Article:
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TAVARES — The anti-drug program D.A.R.E. is preparing to make a comeback in Lake County schools after years on the sidelines because of budget cuts.

Deputies from the Lake County Sheriff’s Office started going through an 80-hour training class on Monday for the Drug Abuse Resistance Education program, which will prepare them to teach fifth-grade students during the 2018-2019 school year about the dangers of drugs.

Sheriff Peyton Grinnell said children at the fifth-grade level are at the age where they are extremely impressionable and the influences they are exposed to, both good and bad, can have long-lasting effects.

“It (D.A.R.E.) gives us a great opportunity to reach young people at a crucial point in their development,” Grinnell said.

The Florida Department of Law Enforcement is teaching the two-week D.A.R.E training at the Institute of Public Safety in Tavares. The students hail from law enforcement agencies mostly throughout Florida, but also Georgia. Sgt. Fred Jones, a Lake County sheriff’s spokesman who is also taking the class to become certified as a D.A.R.E. officer, said the training was held in Lake County due to his agency deciding to bring the program back.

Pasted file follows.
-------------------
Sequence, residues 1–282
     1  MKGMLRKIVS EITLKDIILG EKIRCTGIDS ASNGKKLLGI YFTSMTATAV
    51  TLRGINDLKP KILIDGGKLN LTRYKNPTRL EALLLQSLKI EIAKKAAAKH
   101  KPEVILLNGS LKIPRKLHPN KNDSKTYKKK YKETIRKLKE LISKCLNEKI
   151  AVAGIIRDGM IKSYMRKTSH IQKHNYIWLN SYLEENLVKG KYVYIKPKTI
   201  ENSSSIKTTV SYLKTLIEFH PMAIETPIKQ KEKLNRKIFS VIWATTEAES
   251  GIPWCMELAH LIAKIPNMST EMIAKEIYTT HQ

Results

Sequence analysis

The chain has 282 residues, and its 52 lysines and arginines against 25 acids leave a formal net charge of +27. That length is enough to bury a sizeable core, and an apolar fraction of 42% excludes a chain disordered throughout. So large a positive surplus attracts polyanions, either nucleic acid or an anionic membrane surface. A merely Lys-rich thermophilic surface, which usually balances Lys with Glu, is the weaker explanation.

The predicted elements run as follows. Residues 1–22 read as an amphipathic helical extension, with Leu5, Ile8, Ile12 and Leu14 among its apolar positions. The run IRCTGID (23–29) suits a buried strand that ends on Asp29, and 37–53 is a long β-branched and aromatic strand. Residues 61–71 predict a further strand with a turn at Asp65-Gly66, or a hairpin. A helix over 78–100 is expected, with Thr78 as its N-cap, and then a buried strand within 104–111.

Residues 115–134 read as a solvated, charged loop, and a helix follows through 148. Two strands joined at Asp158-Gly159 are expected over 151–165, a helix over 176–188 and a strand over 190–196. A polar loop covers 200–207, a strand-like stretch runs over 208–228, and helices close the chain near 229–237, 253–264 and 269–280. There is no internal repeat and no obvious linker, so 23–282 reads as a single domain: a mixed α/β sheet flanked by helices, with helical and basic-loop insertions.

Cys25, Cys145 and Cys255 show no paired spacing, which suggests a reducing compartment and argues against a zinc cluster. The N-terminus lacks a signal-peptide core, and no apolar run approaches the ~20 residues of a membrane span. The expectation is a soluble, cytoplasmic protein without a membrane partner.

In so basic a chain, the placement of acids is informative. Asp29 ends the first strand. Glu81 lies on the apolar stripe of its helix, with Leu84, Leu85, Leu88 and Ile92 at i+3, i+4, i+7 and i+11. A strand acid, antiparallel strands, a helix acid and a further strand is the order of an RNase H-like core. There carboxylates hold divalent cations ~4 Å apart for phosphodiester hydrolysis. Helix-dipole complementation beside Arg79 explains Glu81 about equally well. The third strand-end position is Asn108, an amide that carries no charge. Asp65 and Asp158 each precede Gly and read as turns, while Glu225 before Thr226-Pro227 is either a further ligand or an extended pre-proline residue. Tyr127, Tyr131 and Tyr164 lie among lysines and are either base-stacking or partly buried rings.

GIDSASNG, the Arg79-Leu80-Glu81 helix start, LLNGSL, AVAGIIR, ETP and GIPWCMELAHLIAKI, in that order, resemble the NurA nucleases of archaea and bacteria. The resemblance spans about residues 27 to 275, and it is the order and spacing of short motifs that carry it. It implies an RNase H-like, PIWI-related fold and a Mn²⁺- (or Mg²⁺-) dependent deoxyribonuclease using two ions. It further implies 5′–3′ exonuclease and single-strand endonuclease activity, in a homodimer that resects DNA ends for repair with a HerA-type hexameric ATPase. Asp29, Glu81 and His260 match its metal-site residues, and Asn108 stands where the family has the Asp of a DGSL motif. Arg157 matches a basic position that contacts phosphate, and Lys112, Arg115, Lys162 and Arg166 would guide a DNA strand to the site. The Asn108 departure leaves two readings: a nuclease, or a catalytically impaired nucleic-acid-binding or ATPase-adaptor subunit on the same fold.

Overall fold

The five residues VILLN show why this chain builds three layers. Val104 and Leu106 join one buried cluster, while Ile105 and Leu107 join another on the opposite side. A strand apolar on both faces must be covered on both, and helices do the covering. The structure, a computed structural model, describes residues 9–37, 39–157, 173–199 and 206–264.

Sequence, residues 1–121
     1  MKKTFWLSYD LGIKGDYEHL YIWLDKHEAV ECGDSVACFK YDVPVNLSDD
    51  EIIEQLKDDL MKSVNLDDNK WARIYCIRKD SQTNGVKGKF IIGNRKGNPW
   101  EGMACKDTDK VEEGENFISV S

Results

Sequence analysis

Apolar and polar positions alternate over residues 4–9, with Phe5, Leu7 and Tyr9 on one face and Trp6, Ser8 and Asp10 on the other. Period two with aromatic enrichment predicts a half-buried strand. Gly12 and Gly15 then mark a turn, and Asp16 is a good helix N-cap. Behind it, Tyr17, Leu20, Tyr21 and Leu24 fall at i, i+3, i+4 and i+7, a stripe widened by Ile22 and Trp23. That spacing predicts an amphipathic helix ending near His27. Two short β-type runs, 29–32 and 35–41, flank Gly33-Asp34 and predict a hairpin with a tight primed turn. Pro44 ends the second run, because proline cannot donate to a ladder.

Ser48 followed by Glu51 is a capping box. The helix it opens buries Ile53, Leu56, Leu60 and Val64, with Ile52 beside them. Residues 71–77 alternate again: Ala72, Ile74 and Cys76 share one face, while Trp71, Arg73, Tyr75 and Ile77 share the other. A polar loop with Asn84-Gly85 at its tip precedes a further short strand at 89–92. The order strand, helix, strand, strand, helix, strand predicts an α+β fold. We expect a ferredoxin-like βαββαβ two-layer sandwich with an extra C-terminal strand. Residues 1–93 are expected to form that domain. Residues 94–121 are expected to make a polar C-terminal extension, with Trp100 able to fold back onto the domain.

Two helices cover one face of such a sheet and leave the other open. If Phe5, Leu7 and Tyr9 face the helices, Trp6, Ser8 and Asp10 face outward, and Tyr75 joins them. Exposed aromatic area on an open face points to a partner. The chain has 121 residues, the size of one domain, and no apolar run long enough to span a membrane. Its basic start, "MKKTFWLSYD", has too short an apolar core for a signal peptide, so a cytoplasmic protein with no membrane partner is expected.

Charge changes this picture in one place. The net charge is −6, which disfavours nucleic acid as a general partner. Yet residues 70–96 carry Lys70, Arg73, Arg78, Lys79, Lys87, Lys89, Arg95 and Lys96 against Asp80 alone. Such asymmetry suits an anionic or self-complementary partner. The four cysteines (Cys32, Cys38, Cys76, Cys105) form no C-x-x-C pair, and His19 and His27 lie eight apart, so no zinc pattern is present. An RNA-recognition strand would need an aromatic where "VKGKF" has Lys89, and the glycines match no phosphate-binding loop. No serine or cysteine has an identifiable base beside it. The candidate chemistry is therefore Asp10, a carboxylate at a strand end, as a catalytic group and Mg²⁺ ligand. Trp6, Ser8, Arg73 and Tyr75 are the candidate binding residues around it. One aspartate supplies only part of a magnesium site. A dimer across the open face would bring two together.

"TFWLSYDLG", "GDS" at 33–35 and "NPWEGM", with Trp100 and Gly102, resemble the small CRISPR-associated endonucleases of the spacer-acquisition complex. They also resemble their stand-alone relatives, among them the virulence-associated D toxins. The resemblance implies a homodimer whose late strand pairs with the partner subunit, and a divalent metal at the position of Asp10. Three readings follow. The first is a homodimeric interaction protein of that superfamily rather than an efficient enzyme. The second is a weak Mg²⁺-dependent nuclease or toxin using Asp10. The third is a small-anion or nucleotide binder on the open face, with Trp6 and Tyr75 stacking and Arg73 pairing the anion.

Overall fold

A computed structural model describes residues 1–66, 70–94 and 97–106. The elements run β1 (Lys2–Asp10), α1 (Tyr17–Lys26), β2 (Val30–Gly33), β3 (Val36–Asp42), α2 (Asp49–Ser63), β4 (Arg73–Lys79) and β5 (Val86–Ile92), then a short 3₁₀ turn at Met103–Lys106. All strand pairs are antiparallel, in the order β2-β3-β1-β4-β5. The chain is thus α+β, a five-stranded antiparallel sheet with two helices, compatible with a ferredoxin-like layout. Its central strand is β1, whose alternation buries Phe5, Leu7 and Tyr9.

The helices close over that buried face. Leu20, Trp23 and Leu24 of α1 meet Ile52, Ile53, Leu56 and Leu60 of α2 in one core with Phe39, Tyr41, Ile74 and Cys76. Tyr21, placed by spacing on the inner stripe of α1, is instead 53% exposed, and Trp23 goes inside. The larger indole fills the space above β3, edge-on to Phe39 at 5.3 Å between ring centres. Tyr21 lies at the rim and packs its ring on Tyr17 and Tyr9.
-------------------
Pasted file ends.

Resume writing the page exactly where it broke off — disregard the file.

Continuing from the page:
“We’re hoping to use the program to teach kids to make good choices,” Jones said.

Grinnell said they will use D.A.R.E. to teach children how to say no to drugs, but it won’t end there. The focus, he said, will be on life skills, decision making, conflict resolution and how to model positive behavior in general.

“We hope to build bridges with the young people going through the program and influence them in positive and encouraging ways,” Grinnell said. “This program emphasizes their self-worth as individuals and at the same time, allows them to see that our deputies truly care about them and their future.”

Lt. John Herrell, another Lake sheriff’s spokesman, said the D.A.R.E. program was removed from the Lake County schools in 2012 due to extreme budget cuts and they are preparing their deputies now for the program in hopes they will be able to secure funding for the program by the 2018-19 school year.

Grinnell, whose platform running for sheriff last fall included implementing D.A.R.E, added he intends to keep the program as long as he is sheriff.

But Delrita Meisner, who just took the position of executive director of Be Free Lake, a substance abuse and violence prevention coalition based in Lake County, said she hopes to get her organization into the school soon.

“We want to promote education and success,” Meisner said.

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